A round-up of the best stories on cities and urbanism we've come across in the last seven days.

A round-up of the best stories on cities and urbanism we've come across in the last seven days. Tweet us your favorites with #CityReads.

"Why Is Glasgow the UK's Sickest City?," Lucy Ash, BBC News

Glasgow is internationally renowned for its thriving arts scene and top universities. It boasts handsome Victorian architecture, smart designer shops, fashionable bars and restaurants.

At the same time, this dynamic city also has an unenviable reputation for poor health. Obesity rates are among the highest in the world. Research conducted in 2007 found that nearly one in five potential workers was on incapacity benefit and that Glasgow has a much larger number and a higher proportion of the population claiming sickness-related benefit than any other city in Britain.

What is worse, the city has an alarmingly high mortality rate. A 2011 study compared it with Liverpool and Manchester, which have roughly equal levels of unemployment, deprivation and inequality. It found that residents of Glasgow are about 30% more likely to die young, and 60% of those excess deaths are triggered by just four things - drugs, alcohol, suicide and violence.

"In South L.A., Professional Pallbearers Have an Uplifting Touch," Nita Lelyveld, Los Angeles Times

Before they leave for a service, the men line up for inspection. Ties get straightened. Lint is removed. Collars are smoothed. After each service, they gather to critique each miscue.

They treat pallbearing more as calling than a job that helps make ends meet.

"I think it gives joy to the family to see us perform like that," Beltran said. "And it makes me feel better toward myself. I feel more positive when I'm dressed up like that."

Yarbrough said he felt the same way. "For me personally, it brings a new sense of dignity and respect to my life. It lets me know that in spite of my situation, I'm still able to contribute to somebody else's situation in a positive manner."

"The Unlikely History of the Origins of Modern Maps," Jessica Camille Aguirre, Smithsonian Magazine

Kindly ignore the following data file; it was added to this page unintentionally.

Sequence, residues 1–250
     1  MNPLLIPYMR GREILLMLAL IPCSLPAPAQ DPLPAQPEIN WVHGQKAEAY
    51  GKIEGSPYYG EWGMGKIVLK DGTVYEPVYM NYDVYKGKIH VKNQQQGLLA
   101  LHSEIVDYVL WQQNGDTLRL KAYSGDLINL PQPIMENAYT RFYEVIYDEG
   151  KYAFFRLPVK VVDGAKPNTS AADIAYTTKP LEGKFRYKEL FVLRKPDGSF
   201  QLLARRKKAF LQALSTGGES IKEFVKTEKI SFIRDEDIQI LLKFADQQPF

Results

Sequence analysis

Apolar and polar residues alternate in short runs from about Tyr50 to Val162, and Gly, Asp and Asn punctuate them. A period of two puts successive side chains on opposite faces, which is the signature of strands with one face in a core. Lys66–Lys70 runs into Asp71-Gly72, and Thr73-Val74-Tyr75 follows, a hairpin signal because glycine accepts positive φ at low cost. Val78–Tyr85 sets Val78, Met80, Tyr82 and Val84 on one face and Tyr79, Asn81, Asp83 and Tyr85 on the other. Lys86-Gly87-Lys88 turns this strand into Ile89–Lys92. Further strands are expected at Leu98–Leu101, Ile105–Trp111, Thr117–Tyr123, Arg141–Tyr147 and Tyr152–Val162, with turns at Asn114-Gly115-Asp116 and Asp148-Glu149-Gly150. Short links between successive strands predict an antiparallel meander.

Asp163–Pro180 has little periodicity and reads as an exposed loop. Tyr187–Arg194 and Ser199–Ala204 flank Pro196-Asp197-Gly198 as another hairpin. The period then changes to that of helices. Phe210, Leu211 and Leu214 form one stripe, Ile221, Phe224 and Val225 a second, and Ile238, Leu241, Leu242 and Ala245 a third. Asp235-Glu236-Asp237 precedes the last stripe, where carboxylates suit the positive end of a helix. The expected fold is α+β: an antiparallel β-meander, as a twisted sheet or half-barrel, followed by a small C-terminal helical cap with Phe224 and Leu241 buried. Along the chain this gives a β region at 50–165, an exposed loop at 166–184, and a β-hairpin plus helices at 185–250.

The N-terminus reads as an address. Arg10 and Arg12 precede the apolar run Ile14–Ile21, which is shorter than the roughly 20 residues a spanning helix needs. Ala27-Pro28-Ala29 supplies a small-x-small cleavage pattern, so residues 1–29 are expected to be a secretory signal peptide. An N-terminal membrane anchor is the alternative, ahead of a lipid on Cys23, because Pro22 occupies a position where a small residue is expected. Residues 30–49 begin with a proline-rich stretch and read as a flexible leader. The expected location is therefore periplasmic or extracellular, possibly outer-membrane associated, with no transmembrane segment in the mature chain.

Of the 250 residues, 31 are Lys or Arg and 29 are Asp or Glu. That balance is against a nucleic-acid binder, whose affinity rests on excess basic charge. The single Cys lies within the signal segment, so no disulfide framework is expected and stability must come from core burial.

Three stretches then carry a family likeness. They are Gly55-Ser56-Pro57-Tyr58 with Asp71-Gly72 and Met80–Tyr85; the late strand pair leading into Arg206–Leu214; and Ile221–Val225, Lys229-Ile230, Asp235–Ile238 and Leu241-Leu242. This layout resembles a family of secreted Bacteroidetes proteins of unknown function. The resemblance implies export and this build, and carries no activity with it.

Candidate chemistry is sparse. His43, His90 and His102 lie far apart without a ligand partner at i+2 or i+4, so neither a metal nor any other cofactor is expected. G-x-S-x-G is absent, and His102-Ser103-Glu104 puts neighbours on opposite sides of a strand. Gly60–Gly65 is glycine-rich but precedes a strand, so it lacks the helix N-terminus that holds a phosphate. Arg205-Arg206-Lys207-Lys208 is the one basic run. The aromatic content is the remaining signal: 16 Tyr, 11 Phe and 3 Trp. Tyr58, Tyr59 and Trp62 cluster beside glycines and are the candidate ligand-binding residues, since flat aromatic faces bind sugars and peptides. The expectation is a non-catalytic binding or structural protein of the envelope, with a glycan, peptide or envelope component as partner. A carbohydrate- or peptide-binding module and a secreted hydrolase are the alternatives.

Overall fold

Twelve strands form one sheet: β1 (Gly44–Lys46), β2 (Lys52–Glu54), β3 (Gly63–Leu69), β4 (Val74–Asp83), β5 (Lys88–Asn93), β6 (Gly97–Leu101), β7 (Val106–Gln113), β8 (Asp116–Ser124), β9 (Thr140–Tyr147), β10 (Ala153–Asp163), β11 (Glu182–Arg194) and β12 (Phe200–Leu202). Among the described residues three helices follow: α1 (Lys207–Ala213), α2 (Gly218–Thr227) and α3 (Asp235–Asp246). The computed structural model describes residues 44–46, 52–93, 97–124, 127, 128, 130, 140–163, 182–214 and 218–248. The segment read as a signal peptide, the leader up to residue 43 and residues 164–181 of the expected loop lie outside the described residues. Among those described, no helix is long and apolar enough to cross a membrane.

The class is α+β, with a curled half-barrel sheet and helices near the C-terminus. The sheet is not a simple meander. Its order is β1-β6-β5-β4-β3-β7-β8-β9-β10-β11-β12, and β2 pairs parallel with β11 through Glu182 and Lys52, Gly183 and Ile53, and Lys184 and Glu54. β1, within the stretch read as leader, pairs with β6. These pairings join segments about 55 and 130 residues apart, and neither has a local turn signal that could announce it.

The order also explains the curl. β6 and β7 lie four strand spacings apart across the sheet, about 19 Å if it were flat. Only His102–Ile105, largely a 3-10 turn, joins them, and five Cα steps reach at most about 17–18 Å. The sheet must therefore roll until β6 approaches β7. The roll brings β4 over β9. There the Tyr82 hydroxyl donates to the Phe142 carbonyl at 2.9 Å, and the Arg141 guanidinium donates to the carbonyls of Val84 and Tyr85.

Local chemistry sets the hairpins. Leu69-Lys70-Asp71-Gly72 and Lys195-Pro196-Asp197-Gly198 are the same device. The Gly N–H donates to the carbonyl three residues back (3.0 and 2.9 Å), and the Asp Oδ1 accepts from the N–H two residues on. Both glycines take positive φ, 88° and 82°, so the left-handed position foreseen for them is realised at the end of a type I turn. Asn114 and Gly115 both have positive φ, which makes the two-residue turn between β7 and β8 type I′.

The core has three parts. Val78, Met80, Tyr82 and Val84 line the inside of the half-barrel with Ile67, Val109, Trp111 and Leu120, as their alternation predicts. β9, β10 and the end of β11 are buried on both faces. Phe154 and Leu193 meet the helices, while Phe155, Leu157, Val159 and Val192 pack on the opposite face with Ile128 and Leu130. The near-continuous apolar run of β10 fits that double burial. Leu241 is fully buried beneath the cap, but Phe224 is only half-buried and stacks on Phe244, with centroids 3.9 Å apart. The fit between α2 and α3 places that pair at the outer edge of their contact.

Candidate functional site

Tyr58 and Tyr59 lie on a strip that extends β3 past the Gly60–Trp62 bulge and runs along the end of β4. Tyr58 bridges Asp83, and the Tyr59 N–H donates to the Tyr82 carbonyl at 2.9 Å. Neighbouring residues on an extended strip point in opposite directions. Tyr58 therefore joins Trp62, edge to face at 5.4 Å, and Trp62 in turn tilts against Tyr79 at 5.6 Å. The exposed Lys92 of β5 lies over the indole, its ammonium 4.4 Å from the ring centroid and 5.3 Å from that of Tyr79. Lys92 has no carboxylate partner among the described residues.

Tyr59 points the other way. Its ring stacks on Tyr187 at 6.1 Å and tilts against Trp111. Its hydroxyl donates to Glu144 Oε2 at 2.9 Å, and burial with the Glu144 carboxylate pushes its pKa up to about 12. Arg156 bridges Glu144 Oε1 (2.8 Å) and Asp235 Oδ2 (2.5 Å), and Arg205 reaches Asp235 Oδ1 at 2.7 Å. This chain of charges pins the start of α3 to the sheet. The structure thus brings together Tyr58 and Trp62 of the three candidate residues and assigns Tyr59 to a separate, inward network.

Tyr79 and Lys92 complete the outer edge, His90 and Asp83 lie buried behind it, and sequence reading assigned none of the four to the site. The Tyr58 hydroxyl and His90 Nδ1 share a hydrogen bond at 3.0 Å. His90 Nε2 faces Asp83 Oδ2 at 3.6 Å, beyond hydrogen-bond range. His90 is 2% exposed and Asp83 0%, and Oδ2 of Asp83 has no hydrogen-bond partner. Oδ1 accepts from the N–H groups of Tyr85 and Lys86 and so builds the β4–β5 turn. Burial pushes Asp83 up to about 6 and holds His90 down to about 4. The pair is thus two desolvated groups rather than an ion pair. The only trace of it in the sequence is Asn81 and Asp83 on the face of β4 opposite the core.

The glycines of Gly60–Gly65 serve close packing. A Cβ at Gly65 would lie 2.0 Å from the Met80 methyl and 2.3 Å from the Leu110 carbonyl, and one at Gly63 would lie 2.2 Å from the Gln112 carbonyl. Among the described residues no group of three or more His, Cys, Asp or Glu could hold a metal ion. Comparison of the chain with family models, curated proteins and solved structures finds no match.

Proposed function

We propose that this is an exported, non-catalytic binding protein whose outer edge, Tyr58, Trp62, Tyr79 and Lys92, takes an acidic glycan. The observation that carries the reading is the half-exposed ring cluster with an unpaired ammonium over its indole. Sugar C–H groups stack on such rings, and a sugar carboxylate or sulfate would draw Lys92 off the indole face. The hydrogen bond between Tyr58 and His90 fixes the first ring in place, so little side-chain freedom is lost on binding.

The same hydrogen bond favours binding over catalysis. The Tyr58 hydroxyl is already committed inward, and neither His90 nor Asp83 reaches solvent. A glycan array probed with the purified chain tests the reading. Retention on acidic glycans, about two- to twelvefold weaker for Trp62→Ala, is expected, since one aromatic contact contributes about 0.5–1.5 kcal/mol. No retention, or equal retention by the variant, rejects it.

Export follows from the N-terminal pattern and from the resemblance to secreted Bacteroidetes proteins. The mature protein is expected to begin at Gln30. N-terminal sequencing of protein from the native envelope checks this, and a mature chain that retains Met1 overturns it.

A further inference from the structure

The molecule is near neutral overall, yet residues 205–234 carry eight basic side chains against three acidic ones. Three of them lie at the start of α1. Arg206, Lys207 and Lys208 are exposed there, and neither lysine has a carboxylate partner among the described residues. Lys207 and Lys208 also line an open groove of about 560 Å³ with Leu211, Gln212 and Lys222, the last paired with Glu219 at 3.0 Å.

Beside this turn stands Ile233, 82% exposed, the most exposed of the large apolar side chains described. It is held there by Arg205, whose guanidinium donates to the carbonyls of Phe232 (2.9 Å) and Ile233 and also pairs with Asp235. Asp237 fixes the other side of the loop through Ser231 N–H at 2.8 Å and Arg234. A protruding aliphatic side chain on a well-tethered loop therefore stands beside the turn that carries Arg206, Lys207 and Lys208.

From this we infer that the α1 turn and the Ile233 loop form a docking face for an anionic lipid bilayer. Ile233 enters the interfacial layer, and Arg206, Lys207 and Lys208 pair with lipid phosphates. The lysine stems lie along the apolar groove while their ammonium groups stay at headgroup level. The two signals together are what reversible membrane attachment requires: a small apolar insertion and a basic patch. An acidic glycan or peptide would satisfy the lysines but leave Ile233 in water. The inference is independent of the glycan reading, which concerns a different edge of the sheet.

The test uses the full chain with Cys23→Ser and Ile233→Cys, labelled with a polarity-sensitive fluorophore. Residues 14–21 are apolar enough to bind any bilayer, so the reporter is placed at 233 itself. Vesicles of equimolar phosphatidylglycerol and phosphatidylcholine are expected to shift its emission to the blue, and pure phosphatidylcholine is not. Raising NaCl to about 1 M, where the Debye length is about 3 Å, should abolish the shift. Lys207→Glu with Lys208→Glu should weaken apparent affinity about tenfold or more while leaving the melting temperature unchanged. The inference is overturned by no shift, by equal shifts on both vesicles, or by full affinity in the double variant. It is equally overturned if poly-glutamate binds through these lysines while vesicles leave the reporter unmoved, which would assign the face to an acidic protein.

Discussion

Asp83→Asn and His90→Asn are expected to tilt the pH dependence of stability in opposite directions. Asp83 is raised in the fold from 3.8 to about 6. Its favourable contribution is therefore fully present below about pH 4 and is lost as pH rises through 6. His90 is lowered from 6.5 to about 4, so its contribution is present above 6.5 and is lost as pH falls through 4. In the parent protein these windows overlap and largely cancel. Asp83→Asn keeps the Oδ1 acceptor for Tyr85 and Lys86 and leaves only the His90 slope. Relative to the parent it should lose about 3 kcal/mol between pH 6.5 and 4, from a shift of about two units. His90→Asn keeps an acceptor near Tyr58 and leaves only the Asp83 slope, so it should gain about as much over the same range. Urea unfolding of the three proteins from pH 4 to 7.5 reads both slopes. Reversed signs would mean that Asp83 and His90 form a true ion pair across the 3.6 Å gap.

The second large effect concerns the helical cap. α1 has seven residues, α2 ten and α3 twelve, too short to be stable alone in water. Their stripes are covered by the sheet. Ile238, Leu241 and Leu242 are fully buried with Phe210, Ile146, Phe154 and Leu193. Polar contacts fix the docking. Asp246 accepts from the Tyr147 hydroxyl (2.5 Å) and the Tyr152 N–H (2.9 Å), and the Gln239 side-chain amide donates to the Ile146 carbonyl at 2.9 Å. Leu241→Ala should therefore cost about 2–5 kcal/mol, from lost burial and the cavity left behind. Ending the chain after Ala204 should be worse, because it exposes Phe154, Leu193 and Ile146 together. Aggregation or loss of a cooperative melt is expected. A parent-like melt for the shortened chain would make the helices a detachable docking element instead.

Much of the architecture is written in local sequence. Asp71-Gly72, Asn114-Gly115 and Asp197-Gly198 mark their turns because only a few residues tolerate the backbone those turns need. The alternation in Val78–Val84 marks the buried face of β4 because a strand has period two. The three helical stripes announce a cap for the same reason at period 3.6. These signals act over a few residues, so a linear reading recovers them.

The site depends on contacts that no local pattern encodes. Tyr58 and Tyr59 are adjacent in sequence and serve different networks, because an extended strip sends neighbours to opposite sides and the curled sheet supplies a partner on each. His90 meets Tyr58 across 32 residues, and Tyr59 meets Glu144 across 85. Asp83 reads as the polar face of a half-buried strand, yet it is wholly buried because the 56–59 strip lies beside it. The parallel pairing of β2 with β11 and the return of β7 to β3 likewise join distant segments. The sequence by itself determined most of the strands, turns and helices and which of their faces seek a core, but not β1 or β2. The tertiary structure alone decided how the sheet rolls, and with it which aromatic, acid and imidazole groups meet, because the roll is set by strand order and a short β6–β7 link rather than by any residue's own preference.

One of the main problems with maps has always been their dimensionality. In a purely topographical sense, the thing a map is trying to portray is at least one dimension greater than itself. That conundrum has spurred myriad attempts at a solution and cleaved cartographers for hundreds of years – map projections of Earth are still split between ones that say the planet’s a sphere and ones that describe it as an ellipse.

But topography is only one story of space. Imagine a man standing on a road.  Asked to describe where he is in the world, the man might talk about the slope of the hill he’s standing on or the size of the rocks surrounding him. He might also say he’s on a road, between a cornfield and an orchard on one side and a little village on the other. So without even mentioning the birds he observed flying overheard, or the direction of the wind, or the temperature, or even his latitude and longitude, he’s already got six things describing his world. Human experience of space is too complicated to be reduced to the peaks and valleys of a landscape.

"How City Leaders Aim to Break the Poverty Cycle in South Memphis," Brentin Mock and Cassie Owens, Next City

The U.S. Department of Justice gave the University of Memphis a half-million dollars to study gang activity, work with at-risk youth and help evaluate the action plan as it developed. For a city used to treating crime as a numbers game that could be solved through traditional policing, this was a watershed moment.

“I think as we began to peel the onion, to look at how we could have a greater impact on reducing crime, we had to acknowledge that prevention strategies were the key for this next level of work,” said Memphis Shelby Crime Commissioner Michelle Fowlkes. “We really needed to start looking at the root causes. We couldn’t arrest away crime.”

The plan is a motherboard of sorts for the collaboration that’s happening across sectors, outlining different crime prevention tactics, and tapping outside agencies to assist with implementation to ensure the tactics endure longer than the plan itself.

"On Patrol with North London's Orthodox Jewish Crime Fighters," Tabby Kinder, VICE

For the Shomrim in Stamford Hill, though – the area with the highest concentration of Hasidic Jews in Europe – integration in the non-Jewish community is key. The patrols don't just exist to serve the Orthodox community, Shulem says: “If you look at the results in the last quarter, 55 percent of victims of the crimes we stopped were non-Jewish.”

Last June, amid the rise in Islamaphobic attacks following the murder of Drummer Lee Rigby, Shomrim met with Muslim community leaders to discuss cooperation between the two communities. The group now includes protection of the Cazenove Road Mosque and Community Centre on its nightly patrols. During the riots in Tottenham in August of 2011, Shomrim provided first aid to injured members of the public (including one young male who had been stabbed numerous times) when London Ambulance Service ambulances were unable to attend without a police escort.

“It’s just all about the local area,” says Shulem. “A crime is a crime and a victim is a victim.”

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